Peterson updates Tech on changes to improve ethics
Moves follow reports of ethics violations by some high-level employees.
Georgia Tech President G.P. “Bud” Peterson in his annual address to students, staff and faculty on Thursday talked about creating a “culture of ethics” on campus in the wake of several recent reports that some high-ranking employees committed ethics violations.
Peterson said administrators have revised some internal policies and are reviewing others to ensure they’re consistent within the institute and with policies of the University System of Georgia. He said some of the changes will continue throughout the year and perhaps longer.
Peterson also encouraged employees to complete an upcoming survey by the University of North Georgia’s BB&T Center for Ethical Leadership that will be used to determine additional improvements.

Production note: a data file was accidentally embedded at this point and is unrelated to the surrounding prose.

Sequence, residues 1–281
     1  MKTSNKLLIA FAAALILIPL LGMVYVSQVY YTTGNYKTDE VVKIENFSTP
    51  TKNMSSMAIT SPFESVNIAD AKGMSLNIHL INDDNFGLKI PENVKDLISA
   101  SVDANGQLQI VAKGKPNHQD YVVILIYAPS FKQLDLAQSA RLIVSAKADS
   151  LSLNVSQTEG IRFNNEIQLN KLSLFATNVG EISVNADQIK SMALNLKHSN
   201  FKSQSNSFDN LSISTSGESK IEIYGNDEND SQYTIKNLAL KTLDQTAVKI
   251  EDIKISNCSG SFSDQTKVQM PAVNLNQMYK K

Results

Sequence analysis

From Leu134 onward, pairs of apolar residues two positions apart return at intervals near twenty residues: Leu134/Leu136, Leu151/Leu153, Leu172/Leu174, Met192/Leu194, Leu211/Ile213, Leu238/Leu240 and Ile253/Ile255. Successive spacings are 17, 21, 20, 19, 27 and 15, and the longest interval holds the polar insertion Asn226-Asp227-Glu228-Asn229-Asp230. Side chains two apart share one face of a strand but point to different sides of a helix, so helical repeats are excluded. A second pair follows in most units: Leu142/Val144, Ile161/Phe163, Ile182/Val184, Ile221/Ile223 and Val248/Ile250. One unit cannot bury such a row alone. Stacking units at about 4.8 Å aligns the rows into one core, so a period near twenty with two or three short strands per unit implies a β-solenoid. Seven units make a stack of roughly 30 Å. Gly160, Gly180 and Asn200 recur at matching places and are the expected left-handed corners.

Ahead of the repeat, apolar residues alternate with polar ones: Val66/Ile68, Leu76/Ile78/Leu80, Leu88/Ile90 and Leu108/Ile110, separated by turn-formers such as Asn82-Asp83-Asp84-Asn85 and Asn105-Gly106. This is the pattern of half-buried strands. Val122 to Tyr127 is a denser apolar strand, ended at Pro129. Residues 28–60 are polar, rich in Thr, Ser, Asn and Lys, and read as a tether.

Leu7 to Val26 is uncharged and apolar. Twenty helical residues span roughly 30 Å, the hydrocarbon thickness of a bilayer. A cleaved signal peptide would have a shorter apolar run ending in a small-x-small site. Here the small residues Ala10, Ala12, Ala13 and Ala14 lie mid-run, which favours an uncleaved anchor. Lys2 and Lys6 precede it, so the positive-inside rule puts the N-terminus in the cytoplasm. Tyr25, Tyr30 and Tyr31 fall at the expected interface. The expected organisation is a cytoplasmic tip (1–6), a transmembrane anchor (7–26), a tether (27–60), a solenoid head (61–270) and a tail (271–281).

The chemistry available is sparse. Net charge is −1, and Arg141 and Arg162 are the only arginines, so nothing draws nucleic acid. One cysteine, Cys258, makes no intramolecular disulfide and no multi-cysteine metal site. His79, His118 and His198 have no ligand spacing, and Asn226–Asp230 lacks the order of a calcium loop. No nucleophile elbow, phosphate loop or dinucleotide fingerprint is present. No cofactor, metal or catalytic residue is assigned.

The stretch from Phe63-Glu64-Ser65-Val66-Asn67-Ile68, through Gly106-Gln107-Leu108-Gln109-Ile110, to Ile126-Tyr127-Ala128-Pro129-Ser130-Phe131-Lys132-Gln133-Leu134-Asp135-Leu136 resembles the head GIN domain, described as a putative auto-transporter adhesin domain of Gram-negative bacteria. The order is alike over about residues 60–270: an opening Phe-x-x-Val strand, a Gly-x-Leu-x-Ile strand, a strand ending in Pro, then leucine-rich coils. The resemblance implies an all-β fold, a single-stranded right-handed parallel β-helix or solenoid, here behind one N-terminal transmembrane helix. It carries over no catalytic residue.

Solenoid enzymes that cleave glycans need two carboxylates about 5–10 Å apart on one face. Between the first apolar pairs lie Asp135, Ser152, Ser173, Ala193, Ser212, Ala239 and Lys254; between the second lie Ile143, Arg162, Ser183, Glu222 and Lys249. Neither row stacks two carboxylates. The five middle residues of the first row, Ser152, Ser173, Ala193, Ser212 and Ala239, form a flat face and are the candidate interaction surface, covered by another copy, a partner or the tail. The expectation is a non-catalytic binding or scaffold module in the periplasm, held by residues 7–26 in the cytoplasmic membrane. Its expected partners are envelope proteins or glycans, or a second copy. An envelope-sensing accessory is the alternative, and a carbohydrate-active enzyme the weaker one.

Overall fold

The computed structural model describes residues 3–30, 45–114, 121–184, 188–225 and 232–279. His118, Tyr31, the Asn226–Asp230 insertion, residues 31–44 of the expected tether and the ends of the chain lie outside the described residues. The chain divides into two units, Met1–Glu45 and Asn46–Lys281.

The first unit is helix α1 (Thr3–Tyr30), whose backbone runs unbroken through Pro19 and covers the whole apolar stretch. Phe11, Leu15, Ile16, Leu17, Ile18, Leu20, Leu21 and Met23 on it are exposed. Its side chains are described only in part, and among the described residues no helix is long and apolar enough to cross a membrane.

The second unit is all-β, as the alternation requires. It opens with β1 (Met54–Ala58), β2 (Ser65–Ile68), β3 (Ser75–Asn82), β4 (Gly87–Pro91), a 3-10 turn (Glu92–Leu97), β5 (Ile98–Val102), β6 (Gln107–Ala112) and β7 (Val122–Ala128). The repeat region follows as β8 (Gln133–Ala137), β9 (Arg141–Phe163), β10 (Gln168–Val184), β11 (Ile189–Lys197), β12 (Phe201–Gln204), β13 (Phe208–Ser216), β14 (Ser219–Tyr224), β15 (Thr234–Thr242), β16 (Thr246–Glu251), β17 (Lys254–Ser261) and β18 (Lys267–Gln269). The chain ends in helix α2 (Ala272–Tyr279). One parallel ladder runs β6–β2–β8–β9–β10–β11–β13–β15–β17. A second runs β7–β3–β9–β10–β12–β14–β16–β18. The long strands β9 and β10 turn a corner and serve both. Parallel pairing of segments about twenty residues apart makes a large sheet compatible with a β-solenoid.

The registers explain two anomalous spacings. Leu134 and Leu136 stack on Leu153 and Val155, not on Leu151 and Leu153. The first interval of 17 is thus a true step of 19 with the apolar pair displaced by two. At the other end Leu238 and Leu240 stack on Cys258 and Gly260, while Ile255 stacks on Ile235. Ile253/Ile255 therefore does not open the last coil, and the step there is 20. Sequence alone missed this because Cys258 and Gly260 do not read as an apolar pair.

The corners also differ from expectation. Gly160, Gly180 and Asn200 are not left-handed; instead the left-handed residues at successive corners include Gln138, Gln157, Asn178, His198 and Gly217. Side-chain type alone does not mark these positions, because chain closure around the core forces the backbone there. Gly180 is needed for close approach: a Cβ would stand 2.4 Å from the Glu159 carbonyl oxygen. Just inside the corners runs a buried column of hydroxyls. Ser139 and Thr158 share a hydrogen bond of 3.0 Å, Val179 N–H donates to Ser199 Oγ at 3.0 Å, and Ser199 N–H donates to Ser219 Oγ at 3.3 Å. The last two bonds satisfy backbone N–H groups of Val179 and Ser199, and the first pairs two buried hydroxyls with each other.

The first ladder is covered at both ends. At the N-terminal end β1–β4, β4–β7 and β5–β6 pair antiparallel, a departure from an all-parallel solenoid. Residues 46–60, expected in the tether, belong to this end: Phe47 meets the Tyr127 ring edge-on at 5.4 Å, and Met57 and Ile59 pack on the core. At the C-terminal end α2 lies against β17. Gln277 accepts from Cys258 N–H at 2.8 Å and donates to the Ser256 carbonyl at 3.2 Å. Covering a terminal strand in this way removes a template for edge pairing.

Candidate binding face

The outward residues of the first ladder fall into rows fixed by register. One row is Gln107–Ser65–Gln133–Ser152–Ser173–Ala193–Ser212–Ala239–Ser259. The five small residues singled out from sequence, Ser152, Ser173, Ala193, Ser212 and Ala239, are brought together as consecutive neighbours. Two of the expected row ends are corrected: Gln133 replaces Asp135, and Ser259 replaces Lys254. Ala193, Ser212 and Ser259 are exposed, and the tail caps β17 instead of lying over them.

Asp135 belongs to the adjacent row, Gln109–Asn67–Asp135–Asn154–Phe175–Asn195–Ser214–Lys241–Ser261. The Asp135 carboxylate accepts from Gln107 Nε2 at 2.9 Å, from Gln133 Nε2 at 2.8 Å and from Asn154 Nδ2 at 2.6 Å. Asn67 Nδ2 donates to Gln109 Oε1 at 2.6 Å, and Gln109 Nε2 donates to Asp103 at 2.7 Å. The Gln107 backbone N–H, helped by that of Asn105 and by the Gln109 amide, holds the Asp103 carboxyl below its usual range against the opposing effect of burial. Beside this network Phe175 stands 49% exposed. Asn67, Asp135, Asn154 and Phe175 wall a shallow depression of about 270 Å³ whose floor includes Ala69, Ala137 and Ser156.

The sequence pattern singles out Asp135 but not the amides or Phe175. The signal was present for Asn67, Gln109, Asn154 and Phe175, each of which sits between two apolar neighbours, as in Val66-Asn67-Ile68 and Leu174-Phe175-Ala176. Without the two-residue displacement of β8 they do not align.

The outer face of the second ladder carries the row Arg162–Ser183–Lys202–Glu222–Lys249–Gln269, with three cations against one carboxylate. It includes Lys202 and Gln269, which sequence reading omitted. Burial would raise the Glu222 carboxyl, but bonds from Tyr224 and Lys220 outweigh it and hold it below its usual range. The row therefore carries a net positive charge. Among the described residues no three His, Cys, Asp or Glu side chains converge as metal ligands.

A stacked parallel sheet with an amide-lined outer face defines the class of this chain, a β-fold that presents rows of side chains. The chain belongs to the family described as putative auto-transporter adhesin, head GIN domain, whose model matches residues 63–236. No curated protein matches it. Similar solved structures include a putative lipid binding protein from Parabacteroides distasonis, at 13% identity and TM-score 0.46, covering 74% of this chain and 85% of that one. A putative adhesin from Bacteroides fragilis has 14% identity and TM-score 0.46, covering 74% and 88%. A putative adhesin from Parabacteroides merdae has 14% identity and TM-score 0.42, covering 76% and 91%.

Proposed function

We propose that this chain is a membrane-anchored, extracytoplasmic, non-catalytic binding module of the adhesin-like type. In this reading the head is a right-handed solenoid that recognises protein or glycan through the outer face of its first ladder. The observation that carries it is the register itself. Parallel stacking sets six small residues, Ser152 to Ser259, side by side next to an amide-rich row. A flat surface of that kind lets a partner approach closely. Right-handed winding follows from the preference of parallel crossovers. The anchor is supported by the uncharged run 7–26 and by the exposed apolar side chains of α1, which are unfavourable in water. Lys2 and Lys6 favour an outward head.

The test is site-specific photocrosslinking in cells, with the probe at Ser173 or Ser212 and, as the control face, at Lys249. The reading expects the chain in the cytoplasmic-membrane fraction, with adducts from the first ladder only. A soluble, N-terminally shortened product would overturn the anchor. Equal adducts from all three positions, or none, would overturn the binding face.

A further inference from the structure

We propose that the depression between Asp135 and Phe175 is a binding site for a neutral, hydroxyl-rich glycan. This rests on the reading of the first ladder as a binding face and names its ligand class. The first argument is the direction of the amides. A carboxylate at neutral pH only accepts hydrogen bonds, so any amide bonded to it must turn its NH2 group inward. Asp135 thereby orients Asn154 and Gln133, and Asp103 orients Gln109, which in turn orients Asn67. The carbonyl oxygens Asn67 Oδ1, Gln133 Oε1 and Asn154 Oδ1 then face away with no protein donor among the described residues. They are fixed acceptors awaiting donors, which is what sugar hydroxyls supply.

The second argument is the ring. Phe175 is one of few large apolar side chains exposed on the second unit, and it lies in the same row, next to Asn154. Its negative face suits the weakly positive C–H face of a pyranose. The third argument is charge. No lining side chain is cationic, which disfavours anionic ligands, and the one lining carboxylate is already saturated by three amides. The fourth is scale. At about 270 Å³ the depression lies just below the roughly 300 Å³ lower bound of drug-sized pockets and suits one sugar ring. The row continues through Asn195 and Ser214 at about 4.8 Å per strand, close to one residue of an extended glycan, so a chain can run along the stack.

In recent weeks, state investi- gators and internal auditors have released several reports that found some now-former Georgia Tech administrators committed violations such as having a vendor pay for a football suite, being a paid board member of a vendor receiving money for services at the institute and filing false time card information.
“We’ve had some folks doing some things they shouldn’t have done, and we’ve had some folks who’ve not done some things they should have done,” Peterson told an audience of about 400 people in a classroom on campus. Some watched from overflow rooms.
University System of Georgia Chancellor Steve Wrigley chastised Peterson last week in a letter, writing “you are ultimately responsible.” Wrigley wrote that he wants an update from Peterson about additional improvements by Nov. 12.
Tech President G.P. “Bud” Peterson said some internal policies were revised.